The vestibule of the house was so big it contained a colossal statue 120 feet high, the image of Nero; and it was so extensive that it had three colonnades a mile long. There was a lake too, in fact, a sea, surrounded with buildings as big as cities. Behind it were villas with fields, vineyards and pastures, woods filled with all kinds of wild and domestic animals. In the rest of the house everything was coated with gold and adorned with gems and shells. The dining-rooms had fretted ceilings made of ivory, with panels that turned and shed flowers and perfumes on those below. The main banquet hall was circular and constantly revolved day and night, like the heavens. The baths were supplied with both sea water and sulfurous spa water. When Nero inaugurated the house at the end of the works, he showed himself satisfied, and said 'Finally I begin to live in a house worthy of a man.'" (Suetonius)
The history of the Domus Aurea
In the early years of his reign, Nerone had built the "Domus Transitional" designed to connect its possessions. During the terrible fire of 64 A.D. the palace burned completely and therefore it was necessary to build a new imperial residence, the Domus Aurea.
The name comes from the Latin, "house of gold". It took this name because of the extensive gold claddings and the ceiling embellished with semi-precious stones and ivory plates requested by the emperator. The villa extended for about 250 hectares, most of the area was occupied by gardens with pavilions destined to parties. At the center of the gardens which included forests and entire vines, there was a pond in part artificial, in which then arose the Colosseum.
Nerone also commissioned a great big bronze statue of about thirty meters reproducing himself, dressed with the old dress of the Roman sun god, Apollo. The statue was placed at the main entrance of the building, overlooking the Palatine Hill. The statue had been adapted over the years with the heads of the various successors of Nerone, before Adriano decided to demolish it, to build the Flavian Amphitheatre, commonly called Colosseum.
The “Domus Aurea” was essentially a villa for the holidays with approximately three hundred rooms and none of them used as sleeping rooms. The halls were finely coated in fine polychrome marble or richly frescoed. On each floor there were pools and in the hallways fountains..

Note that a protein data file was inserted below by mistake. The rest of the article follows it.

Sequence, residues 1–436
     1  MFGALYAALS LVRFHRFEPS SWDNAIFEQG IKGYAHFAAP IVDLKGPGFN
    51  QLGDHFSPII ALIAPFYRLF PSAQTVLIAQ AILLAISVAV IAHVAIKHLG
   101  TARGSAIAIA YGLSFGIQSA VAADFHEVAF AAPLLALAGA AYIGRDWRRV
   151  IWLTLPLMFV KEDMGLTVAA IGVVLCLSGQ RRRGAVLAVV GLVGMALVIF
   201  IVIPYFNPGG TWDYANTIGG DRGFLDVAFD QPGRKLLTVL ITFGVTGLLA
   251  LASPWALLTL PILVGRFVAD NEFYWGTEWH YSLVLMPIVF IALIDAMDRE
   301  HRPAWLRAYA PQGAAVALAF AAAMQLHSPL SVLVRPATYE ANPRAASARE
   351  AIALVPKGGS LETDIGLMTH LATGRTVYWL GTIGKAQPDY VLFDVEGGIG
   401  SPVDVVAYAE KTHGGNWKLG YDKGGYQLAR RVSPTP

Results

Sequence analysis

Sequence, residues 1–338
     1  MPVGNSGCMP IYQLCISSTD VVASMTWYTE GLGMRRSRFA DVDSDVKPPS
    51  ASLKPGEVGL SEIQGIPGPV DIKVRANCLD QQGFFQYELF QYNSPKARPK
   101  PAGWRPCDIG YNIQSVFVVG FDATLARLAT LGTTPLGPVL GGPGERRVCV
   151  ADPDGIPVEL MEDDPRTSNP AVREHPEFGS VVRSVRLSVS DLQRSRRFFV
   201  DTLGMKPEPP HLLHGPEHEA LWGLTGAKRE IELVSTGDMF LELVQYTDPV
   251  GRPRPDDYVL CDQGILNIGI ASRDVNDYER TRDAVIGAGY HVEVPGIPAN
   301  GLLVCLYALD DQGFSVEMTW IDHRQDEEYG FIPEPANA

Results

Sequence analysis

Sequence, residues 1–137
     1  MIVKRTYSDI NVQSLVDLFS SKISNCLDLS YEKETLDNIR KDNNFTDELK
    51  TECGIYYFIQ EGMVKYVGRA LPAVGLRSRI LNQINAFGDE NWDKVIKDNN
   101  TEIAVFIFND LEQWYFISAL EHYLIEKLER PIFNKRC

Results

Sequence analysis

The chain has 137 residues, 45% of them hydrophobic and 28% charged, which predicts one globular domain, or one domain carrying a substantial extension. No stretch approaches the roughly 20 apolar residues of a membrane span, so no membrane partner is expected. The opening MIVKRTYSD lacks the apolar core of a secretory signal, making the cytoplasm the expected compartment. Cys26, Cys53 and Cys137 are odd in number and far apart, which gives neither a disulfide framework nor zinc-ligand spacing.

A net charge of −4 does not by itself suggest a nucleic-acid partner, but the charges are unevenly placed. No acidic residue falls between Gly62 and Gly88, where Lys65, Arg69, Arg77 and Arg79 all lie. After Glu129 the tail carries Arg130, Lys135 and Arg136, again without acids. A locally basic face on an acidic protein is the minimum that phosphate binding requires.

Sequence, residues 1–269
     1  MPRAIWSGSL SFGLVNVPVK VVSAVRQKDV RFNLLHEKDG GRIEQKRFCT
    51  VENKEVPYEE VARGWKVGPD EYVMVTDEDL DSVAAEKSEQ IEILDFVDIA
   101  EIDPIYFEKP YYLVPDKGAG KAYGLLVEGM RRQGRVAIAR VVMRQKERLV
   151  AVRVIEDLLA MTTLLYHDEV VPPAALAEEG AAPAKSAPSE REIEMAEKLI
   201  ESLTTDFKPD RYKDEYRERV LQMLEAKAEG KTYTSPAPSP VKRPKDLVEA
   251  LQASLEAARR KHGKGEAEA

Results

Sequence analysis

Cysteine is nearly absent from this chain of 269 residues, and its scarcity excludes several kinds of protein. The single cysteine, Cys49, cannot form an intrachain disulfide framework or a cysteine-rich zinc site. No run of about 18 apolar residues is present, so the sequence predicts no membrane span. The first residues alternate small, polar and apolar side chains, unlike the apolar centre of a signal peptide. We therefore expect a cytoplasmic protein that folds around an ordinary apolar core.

The fine mosaics were mainly employed for covering floors, but then Nerone decided to decorate mosaic ceilings of some rooms anticipating one of the main issues of Christian art. Today visitors can admire only few fragments of these old mosaics.
It seems that the architects Severus and Celer, designers of the Domus, had created an innovative and ingenious mechanism to ensure the ceiling movement and rotation like the stars in to the sky.
After the Nerone’s death, the palace was stripped of its precious coverings. On the plot of the domus Aurea were built the Baths of Titus, the Temple of Venus in Rome and the Coliseum. In forty years, the Domus Aurea was totally buried under these new constructions.
The burial helped the paintings to survive as sand worked as the volcanic ash of Pompeii, protecting them from moisture.
Towards the end of the XVth century, a young Roman accidentally fell into a cave. The cave was covered with painted figures. Soon the word spread and the young Roman artists lowered themselves down inside the cave to admire the beautiful ancient frescoes. Today the frescoes are faded, but were studied during the Renaissance artists such as Michelangelo and Raphael. Raphael even took inspiration from the frescoes of the Domus Aurea for the making of the Vatican Loggia. Thanks to the discovery of these paintings, the artistic term "grotesque" was created
The Domus Aurea was the subject of a long restoration, the reopening was scheduled for January 2007, but the great monument continued to suffer from the presence of the traffic of the Capital and to the roots of the trees that infiltrated into the ground, creating further instability. For these reasons the restoration is gone very slowly.
On the 30 of March ,2010 collapsed the domus’ entrance vault. This prolonged the long period of closure to the public of the archaeological site, until the year 2015.